Earlier this week, Baby-girl, my eldest son and I went on a coastal bird-watching tour, complete with guides and lots of wound up children who, being kids, chose to ignore the fact that birds are generally most scared of people when said people are loud.
Thus, there werenâ€™t many actual birds on our bird-watching tour. I was heartbroken about this in an entirely nonexistent sort of way; long ago, I wrote about my experience-based fear of the aviary species and about the time I was stalked by a pelican. I was there to spend time with the small people and because I love the natural world of our island, excepting, of course, the birds when theyâ€™re overhead. There were, however, two points where we did see feathered creatures.
The first point was when we stood on shore looking out on a small island in the sound, where the birds were geographically protected from our cacophonous mayhem.
Iâ€™m not sure what disturbed their rest, but one moment they were all sitting nearly still, and the next moment there was a flurry of activity as they all became airborne. It was beautiful to watch, all the more so because my little nemeses were not, happily, overhead at the time.
The second point where birds actually made an appearance, albeit also from afar, was when we were standing out on a pavilion overlooking the salt marsh. The guides passed out several pairs of binoculars to the children and pointed out species as one or more flew across the marsh. Baby-girl and a friend, well-schooled in the buddy system from years of, well, preschool, instantly partnered up and shared a pair of binoculars for the duration. My son had a pair of the coveted binoculars all to himself, so I walked over to him at one point and asked if I could use them. He obliged, and so I looked through the binoculars, starting at one side of the marsh and moving slowly toward the other side.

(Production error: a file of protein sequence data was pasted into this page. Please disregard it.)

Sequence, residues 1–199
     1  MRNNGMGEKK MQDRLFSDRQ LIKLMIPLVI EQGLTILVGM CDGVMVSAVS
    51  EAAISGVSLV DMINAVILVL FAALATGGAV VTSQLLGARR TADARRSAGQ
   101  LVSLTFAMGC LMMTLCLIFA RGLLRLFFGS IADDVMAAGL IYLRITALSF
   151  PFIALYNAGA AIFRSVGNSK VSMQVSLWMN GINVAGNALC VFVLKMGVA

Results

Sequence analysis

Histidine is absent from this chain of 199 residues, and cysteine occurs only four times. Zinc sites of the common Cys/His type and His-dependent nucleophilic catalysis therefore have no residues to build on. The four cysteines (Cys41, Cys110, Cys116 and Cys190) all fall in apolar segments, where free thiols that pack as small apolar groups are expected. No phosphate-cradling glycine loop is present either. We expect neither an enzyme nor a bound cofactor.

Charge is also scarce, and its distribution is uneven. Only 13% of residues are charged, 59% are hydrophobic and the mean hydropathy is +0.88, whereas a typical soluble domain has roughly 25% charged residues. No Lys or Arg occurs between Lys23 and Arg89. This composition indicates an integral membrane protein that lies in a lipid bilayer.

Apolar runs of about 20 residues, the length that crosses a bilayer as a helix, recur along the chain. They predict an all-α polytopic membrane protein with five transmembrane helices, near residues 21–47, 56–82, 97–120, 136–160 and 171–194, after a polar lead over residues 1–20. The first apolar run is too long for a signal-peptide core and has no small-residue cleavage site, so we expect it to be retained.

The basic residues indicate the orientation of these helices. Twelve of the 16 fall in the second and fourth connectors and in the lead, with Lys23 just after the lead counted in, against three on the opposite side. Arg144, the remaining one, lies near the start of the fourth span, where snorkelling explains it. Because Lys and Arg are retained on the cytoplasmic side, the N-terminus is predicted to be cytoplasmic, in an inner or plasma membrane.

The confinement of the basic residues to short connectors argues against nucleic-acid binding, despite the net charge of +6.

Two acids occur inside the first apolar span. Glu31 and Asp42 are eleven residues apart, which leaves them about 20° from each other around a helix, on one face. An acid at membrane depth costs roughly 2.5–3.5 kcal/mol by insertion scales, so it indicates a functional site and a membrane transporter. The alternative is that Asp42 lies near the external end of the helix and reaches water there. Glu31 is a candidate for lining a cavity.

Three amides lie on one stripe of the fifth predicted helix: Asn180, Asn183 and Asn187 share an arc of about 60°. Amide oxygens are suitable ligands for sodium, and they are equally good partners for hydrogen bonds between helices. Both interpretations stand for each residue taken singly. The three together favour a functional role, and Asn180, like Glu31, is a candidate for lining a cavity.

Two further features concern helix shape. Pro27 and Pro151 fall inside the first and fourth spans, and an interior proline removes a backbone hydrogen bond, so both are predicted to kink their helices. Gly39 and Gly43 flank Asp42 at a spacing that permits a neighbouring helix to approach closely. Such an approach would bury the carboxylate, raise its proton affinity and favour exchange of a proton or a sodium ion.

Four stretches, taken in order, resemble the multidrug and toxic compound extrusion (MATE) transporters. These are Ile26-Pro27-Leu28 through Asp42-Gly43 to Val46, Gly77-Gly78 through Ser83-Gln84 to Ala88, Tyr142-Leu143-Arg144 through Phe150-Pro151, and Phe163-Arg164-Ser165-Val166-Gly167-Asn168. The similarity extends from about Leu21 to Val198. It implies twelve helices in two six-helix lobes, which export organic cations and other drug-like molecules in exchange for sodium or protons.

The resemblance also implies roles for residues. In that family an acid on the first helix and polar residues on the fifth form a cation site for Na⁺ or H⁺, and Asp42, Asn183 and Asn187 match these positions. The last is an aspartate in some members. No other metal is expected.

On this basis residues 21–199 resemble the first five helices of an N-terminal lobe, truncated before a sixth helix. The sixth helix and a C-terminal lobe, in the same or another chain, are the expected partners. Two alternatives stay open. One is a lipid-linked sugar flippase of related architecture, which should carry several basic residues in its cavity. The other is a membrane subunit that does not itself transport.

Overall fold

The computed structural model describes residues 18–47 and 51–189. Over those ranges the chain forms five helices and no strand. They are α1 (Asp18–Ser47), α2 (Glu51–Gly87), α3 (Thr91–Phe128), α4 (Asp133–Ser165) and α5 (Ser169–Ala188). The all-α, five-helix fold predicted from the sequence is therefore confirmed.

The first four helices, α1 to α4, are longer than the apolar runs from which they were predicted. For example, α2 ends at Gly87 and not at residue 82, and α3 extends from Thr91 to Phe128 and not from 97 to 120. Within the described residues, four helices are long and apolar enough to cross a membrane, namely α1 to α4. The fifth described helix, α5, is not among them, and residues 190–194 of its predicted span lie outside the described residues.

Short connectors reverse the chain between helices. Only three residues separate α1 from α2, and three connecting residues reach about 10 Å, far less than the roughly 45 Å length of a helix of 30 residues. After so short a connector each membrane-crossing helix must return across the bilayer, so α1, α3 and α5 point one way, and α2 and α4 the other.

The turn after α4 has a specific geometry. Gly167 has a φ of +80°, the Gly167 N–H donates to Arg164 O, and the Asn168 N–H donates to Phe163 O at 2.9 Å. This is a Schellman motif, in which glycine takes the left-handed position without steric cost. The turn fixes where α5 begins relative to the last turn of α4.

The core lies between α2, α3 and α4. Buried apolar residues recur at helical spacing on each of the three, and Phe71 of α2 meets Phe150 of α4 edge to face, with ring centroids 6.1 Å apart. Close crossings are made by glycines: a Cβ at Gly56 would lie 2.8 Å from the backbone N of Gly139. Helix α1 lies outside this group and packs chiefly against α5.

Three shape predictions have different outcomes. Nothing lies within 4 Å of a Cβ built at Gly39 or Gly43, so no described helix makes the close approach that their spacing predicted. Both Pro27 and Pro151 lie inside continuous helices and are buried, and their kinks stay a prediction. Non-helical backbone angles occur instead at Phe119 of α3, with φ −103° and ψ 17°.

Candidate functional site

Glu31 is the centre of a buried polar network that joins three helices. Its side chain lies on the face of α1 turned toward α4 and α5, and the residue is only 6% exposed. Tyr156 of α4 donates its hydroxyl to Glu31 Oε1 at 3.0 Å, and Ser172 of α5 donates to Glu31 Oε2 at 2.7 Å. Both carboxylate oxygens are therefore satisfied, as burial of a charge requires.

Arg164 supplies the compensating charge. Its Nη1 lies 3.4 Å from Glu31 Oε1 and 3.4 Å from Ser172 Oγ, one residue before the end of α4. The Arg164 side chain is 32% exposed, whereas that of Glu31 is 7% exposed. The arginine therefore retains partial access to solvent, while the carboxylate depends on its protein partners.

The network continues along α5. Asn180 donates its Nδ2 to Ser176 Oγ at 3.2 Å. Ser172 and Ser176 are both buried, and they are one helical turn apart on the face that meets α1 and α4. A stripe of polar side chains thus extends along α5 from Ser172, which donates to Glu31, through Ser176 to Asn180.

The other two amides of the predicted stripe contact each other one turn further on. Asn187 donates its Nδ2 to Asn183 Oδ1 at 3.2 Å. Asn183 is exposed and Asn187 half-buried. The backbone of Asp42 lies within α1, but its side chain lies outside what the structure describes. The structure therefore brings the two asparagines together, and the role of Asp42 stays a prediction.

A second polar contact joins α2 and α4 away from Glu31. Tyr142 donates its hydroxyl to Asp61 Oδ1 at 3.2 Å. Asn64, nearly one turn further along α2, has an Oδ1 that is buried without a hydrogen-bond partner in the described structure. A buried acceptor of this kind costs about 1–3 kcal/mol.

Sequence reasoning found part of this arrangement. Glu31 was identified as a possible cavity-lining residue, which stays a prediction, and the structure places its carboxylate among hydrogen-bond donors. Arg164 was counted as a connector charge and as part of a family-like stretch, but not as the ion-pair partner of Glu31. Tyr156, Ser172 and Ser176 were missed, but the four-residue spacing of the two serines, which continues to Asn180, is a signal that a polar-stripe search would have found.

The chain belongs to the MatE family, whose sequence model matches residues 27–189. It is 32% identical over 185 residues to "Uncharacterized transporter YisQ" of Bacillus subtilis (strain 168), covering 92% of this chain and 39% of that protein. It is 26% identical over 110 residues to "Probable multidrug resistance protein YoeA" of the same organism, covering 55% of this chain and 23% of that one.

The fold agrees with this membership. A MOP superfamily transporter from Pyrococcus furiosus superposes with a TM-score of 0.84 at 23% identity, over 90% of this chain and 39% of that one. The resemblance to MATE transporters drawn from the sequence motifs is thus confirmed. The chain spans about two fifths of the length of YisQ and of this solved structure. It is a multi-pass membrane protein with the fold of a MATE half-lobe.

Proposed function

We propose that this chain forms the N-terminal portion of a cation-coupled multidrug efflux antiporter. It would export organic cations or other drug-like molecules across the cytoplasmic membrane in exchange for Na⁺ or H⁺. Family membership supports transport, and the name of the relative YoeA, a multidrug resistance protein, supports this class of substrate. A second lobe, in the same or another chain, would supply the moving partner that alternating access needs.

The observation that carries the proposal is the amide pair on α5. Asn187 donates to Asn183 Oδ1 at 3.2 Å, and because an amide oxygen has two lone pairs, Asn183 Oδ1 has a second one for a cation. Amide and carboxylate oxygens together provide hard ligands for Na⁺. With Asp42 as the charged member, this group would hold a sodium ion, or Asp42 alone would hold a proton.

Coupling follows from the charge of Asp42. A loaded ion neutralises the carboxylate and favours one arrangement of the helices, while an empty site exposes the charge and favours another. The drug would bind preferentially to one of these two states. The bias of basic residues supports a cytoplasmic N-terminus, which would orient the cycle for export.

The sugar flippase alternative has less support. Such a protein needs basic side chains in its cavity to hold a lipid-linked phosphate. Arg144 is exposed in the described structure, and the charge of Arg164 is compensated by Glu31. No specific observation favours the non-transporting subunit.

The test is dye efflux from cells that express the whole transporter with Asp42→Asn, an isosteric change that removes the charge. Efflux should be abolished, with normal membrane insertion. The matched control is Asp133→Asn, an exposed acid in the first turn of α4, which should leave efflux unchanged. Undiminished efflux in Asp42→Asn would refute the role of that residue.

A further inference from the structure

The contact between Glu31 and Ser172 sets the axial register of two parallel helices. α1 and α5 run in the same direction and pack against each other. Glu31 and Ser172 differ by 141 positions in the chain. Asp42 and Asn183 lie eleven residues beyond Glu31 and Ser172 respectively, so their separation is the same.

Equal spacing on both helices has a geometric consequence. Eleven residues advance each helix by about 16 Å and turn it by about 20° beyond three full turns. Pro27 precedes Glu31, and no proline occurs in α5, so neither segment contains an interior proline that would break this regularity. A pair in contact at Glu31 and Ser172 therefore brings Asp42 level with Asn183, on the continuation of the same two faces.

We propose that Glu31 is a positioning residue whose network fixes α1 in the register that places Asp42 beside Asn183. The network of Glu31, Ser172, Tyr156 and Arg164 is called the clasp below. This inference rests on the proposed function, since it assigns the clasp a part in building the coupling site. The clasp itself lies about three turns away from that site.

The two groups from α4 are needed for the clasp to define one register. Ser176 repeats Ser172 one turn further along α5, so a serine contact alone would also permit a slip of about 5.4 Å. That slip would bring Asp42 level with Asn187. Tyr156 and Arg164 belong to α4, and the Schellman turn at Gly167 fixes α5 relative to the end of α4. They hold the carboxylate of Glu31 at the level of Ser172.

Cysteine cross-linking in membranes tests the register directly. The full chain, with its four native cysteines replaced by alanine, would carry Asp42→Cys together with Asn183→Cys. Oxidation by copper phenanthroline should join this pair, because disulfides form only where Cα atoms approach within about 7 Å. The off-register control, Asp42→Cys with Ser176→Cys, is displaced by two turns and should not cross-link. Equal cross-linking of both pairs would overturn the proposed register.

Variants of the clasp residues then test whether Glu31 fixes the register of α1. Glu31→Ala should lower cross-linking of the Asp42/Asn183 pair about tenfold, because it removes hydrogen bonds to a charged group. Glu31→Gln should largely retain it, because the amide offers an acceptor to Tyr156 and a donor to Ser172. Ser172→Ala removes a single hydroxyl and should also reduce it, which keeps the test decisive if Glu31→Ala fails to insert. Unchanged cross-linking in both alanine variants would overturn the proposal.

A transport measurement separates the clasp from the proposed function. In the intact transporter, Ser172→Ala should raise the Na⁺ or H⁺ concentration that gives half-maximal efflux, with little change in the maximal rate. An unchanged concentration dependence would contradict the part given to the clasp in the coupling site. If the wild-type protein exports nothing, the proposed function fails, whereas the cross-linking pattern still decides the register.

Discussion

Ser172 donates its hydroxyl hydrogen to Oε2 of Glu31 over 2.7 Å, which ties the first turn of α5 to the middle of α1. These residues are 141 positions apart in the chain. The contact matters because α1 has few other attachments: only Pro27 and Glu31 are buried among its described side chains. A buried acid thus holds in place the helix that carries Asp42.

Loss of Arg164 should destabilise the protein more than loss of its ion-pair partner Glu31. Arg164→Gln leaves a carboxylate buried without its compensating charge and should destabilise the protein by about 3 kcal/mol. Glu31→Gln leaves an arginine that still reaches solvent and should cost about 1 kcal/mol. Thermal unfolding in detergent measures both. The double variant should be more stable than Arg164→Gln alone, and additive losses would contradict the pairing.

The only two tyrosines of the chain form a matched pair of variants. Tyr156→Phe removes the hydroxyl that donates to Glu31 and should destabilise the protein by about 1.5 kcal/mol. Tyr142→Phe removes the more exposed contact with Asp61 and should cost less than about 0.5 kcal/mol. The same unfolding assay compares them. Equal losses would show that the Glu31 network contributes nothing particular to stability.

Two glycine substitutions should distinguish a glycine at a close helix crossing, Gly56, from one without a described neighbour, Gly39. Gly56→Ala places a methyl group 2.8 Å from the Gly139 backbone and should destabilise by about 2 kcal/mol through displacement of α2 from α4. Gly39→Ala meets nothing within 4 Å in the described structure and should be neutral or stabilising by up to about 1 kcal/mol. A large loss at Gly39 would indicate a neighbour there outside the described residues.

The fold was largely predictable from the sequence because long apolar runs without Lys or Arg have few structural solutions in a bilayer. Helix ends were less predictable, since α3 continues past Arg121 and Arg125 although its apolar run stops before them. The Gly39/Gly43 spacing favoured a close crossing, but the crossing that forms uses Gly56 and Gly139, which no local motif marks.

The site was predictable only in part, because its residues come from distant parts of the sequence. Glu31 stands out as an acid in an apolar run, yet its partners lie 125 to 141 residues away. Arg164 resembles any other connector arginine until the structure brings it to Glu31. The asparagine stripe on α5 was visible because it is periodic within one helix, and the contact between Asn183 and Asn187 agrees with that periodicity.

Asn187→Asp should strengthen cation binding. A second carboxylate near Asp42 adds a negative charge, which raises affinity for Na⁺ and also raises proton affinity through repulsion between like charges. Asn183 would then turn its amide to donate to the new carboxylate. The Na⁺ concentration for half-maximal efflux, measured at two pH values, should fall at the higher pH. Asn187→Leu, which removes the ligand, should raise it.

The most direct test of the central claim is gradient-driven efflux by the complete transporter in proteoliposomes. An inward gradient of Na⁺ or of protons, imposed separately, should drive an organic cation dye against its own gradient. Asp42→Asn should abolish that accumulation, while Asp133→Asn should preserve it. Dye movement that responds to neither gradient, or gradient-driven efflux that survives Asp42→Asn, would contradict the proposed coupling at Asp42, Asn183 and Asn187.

And then, something caught my eye. Iâ€™m sorry to report that it was not a bird. It was a house. And this house had friends, nice-looking ones, too. The thought occurred to me that if I stood there with the binoculars fixed on the salt marsh, no one would be the wiser if I, instead of watching birds, looked at houses.
So I did.
I donâ€™t think it would be an exaggeration to say I had my own internal version of HGTVâ€™s House Hunters on that marsh, complete with interior monologue where I compared the architectural details of each house and deliberated over the possible existence of pools behind the spartina grass at the marshâ€™s edge.
I suppose that I may have looked, to any eyes save my own, like a hard-core birder, a card-carrying ABA member even, so intent was I on my house hunting. Had Baby-girl slipped between the rails and landed in the pluff mud below us, itâ€™s entirely possible that I wouldnâ€™t have noticed.
What can I say? They were really nice houses, yâ€™all.